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Garden City School Library: Welcome to School, K!

Essential Question

How is school different from home? How can I show good manners at school?

Lesson 1 - Two Different Worlds

  • Introduction: Welcome the students to the library. Ask if any of them have ever been to a library before. Explain that at the school library, we read books, play games, do activities, and sing songs. Including the name game. Which you sing now.  

  • Readaloud: Read The Day My Mom Came to Kindergarten, then recap what rules the mom  had to learn. 

  • Video: Explain that school rules are different from home rules. Show the Sesame Street video "Two Different Worlds" with Ed Sheeran, then recap some of the differences.

     
  • Activity: Practice listening and following directions by playing Simon Says.

Lesson 2 - Rude Cakes

  • Introduction: Ask the kids for examples of manners and being polite. Ask them to explain why it's important to show good behavior at school.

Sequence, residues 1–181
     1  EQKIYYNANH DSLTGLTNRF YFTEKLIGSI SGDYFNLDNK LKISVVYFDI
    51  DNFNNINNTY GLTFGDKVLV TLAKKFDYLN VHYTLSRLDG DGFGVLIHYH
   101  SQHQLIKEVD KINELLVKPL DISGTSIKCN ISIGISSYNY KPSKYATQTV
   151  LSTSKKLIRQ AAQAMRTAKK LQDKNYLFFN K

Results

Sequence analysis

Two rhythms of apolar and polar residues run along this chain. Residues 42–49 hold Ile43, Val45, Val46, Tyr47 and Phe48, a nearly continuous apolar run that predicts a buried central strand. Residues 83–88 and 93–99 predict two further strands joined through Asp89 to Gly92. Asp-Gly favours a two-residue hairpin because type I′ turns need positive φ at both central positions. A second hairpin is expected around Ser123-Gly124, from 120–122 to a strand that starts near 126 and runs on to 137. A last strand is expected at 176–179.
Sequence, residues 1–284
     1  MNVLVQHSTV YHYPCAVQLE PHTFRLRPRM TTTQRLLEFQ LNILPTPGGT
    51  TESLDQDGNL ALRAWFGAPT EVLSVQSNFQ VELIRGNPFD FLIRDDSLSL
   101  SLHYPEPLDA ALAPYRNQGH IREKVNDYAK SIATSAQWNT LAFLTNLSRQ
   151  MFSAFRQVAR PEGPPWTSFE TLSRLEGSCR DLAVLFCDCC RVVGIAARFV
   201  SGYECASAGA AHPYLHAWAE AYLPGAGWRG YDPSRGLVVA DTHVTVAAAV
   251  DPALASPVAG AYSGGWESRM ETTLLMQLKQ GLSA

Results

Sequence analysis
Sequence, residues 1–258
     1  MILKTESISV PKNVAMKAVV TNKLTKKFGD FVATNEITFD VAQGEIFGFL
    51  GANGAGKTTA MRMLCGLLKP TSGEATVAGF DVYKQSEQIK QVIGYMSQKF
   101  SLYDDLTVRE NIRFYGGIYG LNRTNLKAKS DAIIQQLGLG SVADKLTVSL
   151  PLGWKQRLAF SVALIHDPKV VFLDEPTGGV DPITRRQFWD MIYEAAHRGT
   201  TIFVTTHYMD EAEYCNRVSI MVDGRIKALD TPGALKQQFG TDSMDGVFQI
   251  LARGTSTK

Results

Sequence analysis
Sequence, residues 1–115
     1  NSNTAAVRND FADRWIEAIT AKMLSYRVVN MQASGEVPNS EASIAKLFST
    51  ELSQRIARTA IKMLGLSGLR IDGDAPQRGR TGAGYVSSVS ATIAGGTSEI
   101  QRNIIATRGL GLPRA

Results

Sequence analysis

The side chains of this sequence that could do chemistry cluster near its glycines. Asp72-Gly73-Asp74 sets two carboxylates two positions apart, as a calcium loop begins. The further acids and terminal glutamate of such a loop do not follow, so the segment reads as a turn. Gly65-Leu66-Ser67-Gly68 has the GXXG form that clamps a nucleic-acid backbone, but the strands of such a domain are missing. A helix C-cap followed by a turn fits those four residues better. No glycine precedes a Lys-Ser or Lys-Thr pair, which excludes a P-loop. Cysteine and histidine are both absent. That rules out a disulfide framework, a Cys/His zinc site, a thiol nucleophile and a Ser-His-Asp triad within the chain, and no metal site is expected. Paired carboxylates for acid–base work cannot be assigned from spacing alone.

• Readaloud 1: Read Rude Cakes. Recap what the rude cake learned about manners. (Families can read the book at home and download an activity kit from the publisher, Chronicle Books.)
     
  • Activity: Make cyclops headbands and attach very rude cakes as hats! See Matthew Winner's craft idea in Publisher's Weekly

    If you'd like to draw a rude cake exactly the same way as author/illustrator Rowboat Watkins, he has instructions online.

    During the last few minutes of class, have each student show off their hat and share one way to show good behavior in school.  

Lesson 3 - No Fits!

  • Readaloud 1: Read No Fits, Nilson! using discussion questions and role play activities from Lindsay Bonilla.
     
  • Readaloud 2: Read Horrible Bear! and discuss the feelings and actions of the characters. Point out that the same illustrator drew the pictures for both books, even though he was the author for only one. 
     
  • Video: Show this video that explains the jobs of an author and an illustrator.


 

  • Activity: Give each student a crayon or a pencil. Explain that if you're holding a crayon, you are an illustrator. If you're holding a pencil, you're an author. Have the authors go to one side of the room, and the illustrators go to the other. Check to make sure that everyone is standing in the right place.

Standards Addressed

AASL: 4.1.1 - Read, view, and listen for pleasure and personal growth; 4.1.2 - Read widely and fluently to make connections with self, the world, and previous reading

Common Core:  RL.K.1 - With prompting and support, ask and answer questions about key details in a text.; RL.K.10Actively engage in group reading activities with purpose and understanding.